What causes certain political figures either to deny the potential for climate change, or deny that human activity is a major cause? That question came to mind while reviewing a new report issued by Ceres entitled Benchmarking Air Emissions for the 100 Largest Electric Power Producers in the United States. The report does an impressive job of documenting the extent to which greenhouse gas emissions resulting from electric power production are concentrated in a limited number of states and overwhelmingly result from the use of coal. But the numbers also make one wonder — how might a state’s reliance on carbon-heavy electric power influence the public opinions of public officials?
Here is an entirely unscientific way to look at the issue. The Ceres report offers the graph on the left as a way of ranking the states on the basis of over-all carbon dioxide releases resulting from electric power generation (the worst offenders are on top). These numbers are from 2011. Right after the 2010 election, Think Progress compiled a list of the members of Congress who (says Think Progress) contested the notion of anthropogenic climate change. Comparing the two, I asked how many of the senators identified as climate change deniers come from the top 50% of the worst-polluting states.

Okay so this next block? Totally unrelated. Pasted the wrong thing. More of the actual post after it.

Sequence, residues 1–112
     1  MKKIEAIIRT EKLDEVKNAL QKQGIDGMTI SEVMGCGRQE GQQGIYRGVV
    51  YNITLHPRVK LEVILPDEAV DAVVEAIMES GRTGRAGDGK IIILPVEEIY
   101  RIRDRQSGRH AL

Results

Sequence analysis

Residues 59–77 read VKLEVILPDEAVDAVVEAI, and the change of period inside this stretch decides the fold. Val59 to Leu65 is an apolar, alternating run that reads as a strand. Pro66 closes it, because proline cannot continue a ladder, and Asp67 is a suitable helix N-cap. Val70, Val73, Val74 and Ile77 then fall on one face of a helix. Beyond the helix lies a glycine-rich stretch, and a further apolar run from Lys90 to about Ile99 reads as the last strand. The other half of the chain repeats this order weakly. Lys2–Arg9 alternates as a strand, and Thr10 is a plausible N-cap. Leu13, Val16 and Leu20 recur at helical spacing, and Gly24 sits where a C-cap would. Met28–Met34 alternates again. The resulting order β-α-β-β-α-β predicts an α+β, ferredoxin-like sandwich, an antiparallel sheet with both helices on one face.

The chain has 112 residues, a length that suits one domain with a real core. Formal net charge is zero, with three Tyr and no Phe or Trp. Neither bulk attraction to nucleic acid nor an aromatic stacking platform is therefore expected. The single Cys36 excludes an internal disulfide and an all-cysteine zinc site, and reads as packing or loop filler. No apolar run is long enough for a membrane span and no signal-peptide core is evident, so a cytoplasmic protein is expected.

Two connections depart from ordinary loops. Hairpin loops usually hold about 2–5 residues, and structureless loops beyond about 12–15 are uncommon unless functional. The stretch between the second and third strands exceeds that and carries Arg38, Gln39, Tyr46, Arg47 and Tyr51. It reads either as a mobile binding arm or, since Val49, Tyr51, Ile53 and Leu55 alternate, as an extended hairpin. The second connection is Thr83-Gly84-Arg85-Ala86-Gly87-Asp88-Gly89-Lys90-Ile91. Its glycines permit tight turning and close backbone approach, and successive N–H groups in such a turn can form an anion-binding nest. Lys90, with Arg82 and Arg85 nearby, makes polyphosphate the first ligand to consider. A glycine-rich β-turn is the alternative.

Think Progress offered a list of 35 denying senators. Of those, according to my calculation, 27 come from the top 25 carbon-emitting states. Twenty-seven out of 35. That’s more than three quarters of the deniers.
This analysis demonstrates why I am a lawyer and not a scientist. And it certainly doesn’t prove cause and effect for senators who are deniers. My impression, however, is that the number of asserted deniers has grown since 2010 and the dependence of coal for electric power has proven to be chronic in certain states. While the overall use of coal-fired electric power has dropped somewhat in the last couple of years, Ceres found that in 2011, Wyoming produced 86 percent of its electricity from coal; Kentucky, 93 percent; West Virginia, 96 percent; and Indiana, 83 percent.
The burning public policy questions (pun intended) are how to reduce the emissions from the most-polluting power plants and how to reverse the course for the states most dependent on coal for electric generation. Promising solutions are both dependent on political action and stymied by current political trends.